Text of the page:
Doctor Who episode 850: The Pyramid at the End of the World (27/5/2017)
‘Fear is temporary. Love is slavery.’ Extremis could have been a mid-season tease for an end-of-series finale, but Moffat plunges directly into the follow up as the Monks’ plan for global dominion comes to fruition in a pyramid that has mysteriously appeared at the fracture point between the USA, China and Russia. At exactly the same moment, a biological research laboratory in Yorkshire accidentally threatens to wipe out all life. This series of unfortunate events has pushed the Doomsday Clock towards midnight – and only an appeal to the Monks can stop the countdown.
I’m not a great fan of Peter Harness’s previous Doctor Who scripts, which seemed to accidentally stumble into ill-thought-through pro-life and Islamist parables. I was on my guard when this opens like The Zygon Invasion, Part Three with the return of Arabistan (sorry, ‘Turmezistan’) and the Doctor’s presidential aeroplane conveying him and the UN secretary general (nice to see some proper UN blue berets again) to the pyramid. There is some overlap in the themes, with the idea of ‘consent’ bringing memories of the Earth being asked to vote on the Moon-dragon’s abortion, and ISIS and the UK military having to choose ‘Truth or Consequences’. But this thankfully avoids any unintended analogies (well, apart from the connotations of a woman being coerced into ‘consent’ to invade the borders of her realm).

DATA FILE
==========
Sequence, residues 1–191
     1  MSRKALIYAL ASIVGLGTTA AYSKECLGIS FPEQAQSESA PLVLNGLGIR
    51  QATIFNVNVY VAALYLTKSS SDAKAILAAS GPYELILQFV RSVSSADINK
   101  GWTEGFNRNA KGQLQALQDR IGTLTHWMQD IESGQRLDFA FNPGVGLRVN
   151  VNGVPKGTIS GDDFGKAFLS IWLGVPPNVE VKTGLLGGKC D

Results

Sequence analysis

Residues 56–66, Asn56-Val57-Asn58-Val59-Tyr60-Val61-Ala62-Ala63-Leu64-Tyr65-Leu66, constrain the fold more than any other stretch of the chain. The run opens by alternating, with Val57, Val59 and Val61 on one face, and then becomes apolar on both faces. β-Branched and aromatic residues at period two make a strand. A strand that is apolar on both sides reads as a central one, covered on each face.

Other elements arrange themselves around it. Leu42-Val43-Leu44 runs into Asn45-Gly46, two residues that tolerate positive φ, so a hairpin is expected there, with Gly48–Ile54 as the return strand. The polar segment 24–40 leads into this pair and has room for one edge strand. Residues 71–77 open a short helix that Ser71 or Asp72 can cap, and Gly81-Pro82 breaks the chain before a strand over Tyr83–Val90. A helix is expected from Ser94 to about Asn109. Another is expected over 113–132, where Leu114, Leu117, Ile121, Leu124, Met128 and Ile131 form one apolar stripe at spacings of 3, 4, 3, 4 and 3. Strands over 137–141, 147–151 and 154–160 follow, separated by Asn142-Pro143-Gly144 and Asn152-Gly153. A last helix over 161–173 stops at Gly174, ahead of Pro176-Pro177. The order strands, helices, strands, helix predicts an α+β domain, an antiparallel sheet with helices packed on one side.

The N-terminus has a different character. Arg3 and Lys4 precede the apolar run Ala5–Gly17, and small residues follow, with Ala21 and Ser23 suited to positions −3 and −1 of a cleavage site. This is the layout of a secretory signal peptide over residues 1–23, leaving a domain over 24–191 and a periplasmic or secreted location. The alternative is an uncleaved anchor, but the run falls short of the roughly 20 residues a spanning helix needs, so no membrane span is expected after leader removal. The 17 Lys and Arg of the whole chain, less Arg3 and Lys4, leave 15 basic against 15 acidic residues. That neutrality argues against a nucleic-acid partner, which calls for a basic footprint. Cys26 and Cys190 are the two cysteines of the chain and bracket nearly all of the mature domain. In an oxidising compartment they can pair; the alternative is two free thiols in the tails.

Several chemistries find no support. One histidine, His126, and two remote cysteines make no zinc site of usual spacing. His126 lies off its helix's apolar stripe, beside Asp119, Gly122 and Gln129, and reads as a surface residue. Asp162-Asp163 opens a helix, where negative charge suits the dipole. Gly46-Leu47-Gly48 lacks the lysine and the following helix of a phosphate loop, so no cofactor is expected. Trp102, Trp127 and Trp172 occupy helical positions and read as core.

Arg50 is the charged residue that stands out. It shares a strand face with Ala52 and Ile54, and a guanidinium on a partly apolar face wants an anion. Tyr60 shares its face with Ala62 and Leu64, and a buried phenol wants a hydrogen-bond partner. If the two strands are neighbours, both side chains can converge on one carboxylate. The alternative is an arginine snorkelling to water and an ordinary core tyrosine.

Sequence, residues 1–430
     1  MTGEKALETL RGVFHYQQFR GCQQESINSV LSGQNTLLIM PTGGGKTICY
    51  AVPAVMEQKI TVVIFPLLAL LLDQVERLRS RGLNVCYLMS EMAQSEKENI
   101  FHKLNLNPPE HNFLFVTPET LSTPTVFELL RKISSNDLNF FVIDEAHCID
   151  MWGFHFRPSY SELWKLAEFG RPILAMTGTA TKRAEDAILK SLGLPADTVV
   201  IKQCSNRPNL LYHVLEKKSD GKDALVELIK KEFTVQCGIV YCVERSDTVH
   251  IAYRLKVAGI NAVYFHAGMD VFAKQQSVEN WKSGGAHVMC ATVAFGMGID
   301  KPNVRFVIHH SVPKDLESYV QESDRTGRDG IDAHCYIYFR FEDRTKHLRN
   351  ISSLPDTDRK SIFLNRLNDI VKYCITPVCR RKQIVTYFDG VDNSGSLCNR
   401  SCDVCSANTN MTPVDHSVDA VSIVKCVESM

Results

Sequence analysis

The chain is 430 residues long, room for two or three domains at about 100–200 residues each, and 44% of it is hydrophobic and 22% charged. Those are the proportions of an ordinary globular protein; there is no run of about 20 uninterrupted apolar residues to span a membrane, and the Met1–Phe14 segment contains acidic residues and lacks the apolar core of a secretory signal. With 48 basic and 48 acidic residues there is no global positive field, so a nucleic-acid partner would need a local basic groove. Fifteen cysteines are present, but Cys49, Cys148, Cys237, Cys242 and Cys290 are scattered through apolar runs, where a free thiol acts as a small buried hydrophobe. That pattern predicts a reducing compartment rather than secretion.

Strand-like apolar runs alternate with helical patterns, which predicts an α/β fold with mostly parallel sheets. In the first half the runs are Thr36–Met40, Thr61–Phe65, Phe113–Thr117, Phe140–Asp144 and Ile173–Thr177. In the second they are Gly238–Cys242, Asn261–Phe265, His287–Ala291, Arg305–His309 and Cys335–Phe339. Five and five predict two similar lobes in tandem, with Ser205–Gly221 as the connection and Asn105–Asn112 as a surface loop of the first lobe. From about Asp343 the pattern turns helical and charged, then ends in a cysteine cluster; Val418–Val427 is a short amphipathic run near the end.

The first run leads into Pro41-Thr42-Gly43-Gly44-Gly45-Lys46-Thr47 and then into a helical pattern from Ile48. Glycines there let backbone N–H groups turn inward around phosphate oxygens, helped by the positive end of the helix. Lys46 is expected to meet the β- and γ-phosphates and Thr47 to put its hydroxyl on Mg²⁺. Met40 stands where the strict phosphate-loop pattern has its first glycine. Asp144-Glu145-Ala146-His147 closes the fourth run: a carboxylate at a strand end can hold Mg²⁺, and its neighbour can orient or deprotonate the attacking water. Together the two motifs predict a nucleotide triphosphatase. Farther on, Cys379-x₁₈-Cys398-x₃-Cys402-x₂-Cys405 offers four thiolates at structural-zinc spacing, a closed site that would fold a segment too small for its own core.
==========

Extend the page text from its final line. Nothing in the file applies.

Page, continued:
Instead, it’s the Doctor’s (very Moffatian) monologue at the top of the episode that gives the story its impetus: ‘The end of your life has already begun… and every step you ever take is moving you closer.’ Here, inexorably, humankind wanders towards its own destruction as research scientist Erica breaks her specs on the very day her colleague Douglas has come into work hungover. These innocuous accidents lead Douglas to mix his enzymes incorrectly, condemning his species to death. The great and powerful gathered at the pyramid are almost irrelevant – the world doesn’t die due to an itchy trigger finger, but because someone got their sums wrong.
Luckily, humankind has got the Doctor – who races to the lab and fixes the problem. Except, he’s blind and (thanks to the usual contrivances – see also Rose’s dodgy lever and Clara’s tattoo) has got himself locked in with a bomb. And so, Bill sacrifices the world to save his sight. I remain a bit torn on this: it’s perfectly possible I’m being overly sensitive, but I did find it a bit ick that the Doctor’s disability is the reason he’s not as good as he used to be, and the cliffhanger playing so heavily into the trade-off Bill makes to cure him: ‘Enjoy your sight, Doctor. Now see our world.’
So far, I’m deeply ambivalent about this storyline. The Monks look creepy, but aren’t very interesting, and the blindness plot has boiled down to making the Doctor weak so they can win. In the end, we’ve had two episodes of set up for an alien invasion. That’s twice what we’ve previously had for the Daleks or the Cybermen, so I can only hope the pay-off is twice as good as Death in Heaven or Doomsday.
Next Time: The Lie of the Land